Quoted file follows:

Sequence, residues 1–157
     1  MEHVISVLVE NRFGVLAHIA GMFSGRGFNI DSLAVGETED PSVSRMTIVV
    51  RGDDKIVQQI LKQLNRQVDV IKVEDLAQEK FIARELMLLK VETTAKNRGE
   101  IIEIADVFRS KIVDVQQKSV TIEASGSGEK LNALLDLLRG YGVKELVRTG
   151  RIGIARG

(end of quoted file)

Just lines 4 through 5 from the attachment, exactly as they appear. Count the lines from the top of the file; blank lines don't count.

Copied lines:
   101  IIEIADVFRS KIVDVQQKSV TIEASGSGEK LNALLDLLRG YGVKELVRTG
   151  RIGIARG